By Jerry Duggan
Father Mark Thibodeaux, SJ, never imagined a single text from a parishioner would set so much in motion.
New Orleans was caught in the throes of COVID-19 in early April, with stay-at-home orders in place and the churches closed for in-person Masses. The Holy Name of Jesus Parish community needed a spiritual boost.
On one of the city’s darkest days, a parishioner texted Fr. Thibodeaux, Holy Name pastor, to ask him to consider leading an online retreat. Father Thibodeaux liked the idea but was hesitant to pursue it because he lacked technical expertise.
After much prayer, Fr. Thibodeaux decided his parishioners’ needs outweighed his apprehension about the technical aspects of the retreat.
“I knew our parish community was suffering – spiritually, emotionally and physically,” Fr. Thibodeaux said. “I wanted to lift their spirits.”
Although Fr. Thibodeaux is an experienced retreat leader, he had never conducted one online. He watched YouTube videos on how to create content and, through trial and error, made steady progress.
Meanwhile, he looked at the liturgical calendar and realized there was just over a month until the Feast of the Ascension. He decided on a 30-day retreat based in the Spiritual Exercises of St. Ignatius Loyola. It began April 24 and ended May 24, the Feast of the Ascension. Thus, Fr. Thibodeaux named the retreat “Ascending with Ignatius.”
“The goal was to walk participants through the Spiritual Exercises and build up gradually, as if ascending the Mount of Olives, like Christ did on the days leading
to His Ascension,” he explained.
He guided participants through each week of Exercises: sin and mercy, followed by the Life, Passion and Resurrection of Christ.
Father Thibodeaux knew there was a need for spiritual nourishment during such a dark time, but the response floored him.
“I thought maybe 50 parishioners would participate, and I would have been thrilled with that,” he said.
At the time of this writing, day one of the retreat has more than 31,000 views. Nearly 8,000 people have completed all 30 days, each consisting of a short, self-paced YouTube video.
Father Thibodeaux credits two referrals for the surprising reach of the retreat. First, Manresa House of Retreats in Convent, La., was closed to in-person retreatants and directed would-be participants to Fr. Thibodeaux’s retreat as an alternative. Many other participants came from Fr. Thibodeaux’s friendship with Fr. James Martin, SJ, a well-known Jesuit author.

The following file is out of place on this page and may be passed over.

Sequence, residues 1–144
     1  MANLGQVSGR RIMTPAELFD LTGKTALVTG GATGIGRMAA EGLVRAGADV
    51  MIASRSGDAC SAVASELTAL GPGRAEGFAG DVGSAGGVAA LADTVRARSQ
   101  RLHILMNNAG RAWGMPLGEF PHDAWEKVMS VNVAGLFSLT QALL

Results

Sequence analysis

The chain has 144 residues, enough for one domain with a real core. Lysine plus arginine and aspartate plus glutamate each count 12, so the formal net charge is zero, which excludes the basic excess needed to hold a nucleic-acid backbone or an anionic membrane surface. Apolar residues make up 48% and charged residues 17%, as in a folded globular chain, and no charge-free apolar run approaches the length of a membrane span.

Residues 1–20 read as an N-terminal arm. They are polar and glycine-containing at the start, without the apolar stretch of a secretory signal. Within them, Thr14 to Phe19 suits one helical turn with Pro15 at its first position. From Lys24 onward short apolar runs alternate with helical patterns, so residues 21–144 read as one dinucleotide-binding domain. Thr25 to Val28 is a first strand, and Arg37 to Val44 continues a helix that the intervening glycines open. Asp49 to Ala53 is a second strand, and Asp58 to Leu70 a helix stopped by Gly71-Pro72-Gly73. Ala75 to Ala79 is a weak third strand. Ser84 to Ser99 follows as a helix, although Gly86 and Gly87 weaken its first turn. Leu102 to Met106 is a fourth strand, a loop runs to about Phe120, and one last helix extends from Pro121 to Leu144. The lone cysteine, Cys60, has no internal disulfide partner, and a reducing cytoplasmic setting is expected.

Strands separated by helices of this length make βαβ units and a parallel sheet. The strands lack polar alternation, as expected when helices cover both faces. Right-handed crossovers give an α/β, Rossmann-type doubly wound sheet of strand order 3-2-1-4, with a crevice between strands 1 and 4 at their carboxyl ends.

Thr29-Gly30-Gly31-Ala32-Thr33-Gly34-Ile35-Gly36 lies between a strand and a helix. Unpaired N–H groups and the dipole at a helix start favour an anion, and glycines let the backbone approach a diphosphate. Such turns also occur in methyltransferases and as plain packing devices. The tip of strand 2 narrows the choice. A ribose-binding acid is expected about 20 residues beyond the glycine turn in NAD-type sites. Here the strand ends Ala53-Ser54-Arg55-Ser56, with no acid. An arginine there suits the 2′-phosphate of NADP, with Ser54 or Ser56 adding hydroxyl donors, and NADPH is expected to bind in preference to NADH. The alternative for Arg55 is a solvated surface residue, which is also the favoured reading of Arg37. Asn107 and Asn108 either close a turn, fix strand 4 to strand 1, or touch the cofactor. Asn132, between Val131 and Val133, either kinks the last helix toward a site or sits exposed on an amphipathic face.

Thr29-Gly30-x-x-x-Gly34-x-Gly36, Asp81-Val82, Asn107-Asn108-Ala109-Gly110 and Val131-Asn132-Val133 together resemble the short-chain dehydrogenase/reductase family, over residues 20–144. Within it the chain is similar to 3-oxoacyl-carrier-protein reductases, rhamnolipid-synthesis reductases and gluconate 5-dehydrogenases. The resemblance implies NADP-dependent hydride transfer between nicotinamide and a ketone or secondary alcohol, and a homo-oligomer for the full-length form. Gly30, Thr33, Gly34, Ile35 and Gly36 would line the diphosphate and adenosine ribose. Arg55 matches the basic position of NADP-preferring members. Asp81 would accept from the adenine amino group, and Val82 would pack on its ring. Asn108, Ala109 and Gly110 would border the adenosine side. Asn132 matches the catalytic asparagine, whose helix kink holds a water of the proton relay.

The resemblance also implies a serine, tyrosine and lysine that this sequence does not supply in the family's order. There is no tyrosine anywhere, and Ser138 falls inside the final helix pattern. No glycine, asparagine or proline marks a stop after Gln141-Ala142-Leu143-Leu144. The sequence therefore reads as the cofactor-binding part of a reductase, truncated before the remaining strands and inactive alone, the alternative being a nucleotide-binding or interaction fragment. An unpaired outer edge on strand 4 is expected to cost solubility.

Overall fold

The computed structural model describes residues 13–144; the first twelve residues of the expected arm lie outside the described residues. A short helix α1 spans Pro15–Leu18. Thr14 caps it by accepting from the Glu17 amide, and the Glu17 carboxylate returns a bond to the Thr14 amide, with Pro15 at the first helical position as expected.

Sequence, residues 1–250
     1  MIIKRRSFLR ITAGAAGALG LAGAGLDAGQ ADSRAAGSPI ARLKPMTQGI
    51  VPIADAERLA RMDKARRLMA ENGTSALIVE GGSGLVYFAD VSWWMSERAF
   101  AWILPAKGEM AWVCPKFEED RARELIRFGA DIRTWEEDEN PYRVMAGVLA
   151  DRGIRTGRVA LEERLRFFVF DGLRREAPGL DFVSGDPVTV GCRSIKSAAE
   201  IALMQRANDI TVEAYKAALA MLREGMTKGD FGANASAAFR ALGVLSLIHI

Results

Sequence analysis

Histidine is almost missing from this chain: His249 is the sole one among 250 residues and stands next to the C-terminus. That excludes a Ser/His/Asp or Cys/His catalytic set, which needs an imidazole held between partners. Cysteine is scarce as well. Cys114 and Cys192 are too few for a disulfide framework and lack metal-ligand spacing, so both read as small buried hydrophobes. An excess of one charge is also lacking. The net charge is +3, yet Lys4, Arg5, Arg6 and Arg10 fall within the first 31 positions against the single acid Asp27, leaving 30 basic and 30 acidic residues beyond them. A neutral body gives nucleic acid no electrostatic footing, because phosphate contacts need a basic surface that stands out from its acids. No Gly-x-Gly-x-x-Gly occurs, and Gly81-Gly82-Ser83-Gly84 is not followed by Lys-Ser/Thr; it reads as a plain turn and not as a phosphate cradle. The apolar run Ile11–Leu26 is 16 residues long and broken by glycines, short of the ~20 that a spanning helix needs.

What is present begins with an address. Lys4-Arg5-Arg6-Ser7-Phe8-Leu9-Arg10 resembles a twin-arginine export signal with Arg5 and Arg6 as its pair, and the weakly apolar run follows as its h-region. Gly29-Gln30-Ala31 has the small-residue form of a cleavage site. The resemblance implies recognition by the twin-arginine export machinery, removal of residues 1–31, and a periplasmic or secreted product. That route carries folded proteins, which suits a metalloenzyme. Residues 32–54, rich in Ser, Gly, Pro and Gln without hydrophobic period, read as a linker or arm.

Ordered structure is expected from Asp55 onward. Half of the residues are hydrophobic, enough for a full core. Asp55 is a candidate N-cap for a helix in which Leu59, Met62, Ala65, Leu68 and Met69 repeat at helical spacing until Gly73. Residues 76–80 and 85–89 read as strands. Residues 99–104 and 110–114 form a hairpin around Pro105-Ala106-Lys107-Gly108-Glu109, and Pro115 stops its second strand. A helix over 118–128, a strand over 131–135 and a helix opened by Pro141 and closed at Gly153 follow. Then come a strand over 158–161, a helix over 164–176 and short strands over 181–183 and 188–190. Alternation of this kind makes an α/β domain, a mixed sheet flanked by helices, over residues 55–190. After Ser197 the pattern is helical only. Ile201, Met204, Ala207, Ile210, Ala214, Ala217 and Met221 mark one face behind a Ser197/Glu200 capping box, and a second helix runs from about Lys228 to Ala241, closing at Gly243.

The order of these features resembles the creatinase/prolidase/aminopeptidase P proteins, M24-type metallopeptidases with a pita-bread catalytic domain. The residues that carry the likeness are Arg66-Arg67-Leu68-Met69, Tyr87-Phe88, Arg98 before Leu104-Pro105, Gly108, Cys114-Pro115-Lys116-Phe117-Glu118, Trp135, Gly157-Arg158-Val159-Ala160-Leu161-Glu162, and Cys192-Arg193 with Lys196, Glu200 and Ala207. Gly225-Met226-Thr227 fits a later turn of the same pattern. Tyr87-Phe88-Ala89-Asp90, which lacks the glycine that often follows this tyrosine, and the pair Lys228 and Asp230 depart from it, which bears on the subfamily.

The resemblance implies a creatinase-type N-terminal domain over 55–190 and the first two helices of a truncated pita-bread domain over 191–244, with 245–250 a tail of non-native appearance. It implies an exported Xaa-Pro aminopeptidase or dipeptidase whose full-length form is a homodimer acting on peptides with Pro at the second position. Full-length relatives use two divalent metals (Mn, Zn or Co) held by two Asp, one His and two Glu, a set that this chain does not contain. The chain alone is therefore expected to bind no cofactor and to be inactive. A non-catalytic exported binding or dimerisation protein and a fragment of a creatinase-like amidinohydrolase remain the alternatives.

“I spoke with Jim, and he thought what I was doing was great, so he shared it on his social media channels, which have many thousands of followers,” Fr. Thibodeaux explained. “Then, those who joined spread the word to friends, family and members of their parish communities, and it took off from there.”
Participants joined from every corner of the U.S., as well as Africa, Asia, Australia and Europe. What touched Fr. Thibodeaux the most, though, were the personal connections and growth in faith the retreat helped facilitate.“
A mother and daughter tuned in – one in Ohio, the other in California,” he explained. “They were in different time zones, with busy schedules but were able to watch the retreat and then meet on Zoom to pray and share their takeaways from the retreat.”
According to Fr. Thibodeaux, many participants had never experienced the Spiritual Exercises before, believing they did not have time for an in-person retreat. Others had let their prayer life slide due to stresses of the pandemic but welcomed this chance to reconnect with Christ.
“Doing the retreat online made it available to many who wouldn’t have otherwise been able to participate,” he said. “Ultimately, the retreat spread a little bit of Christ to a lot of people, and that’s what matters most.”
The retreat also expanded Fr. Thibodeaux’s parish community. At the retreat’s conclusion, he invited participants to join his parish’s daily Mass livestream. The online congregation has tripled, from 50 to around 150.
In his final video, Fr. Thibodeaux announced his parish was getting a new sound system. Grateful retreat participants donated more than $20,000.
The retreat remains available on the Holy Name of Jesus YouTube channel, but people who prefer a publication are in luck. The Word Among Us publishing house is publishing it as Ascending with St. Ignatius. It is Fr. Thibodeaux’s sixth book.
“I’m glad the retreat was helpful to so many,” Fr. Thibodeaux said. “It’s all in service of the Lord.”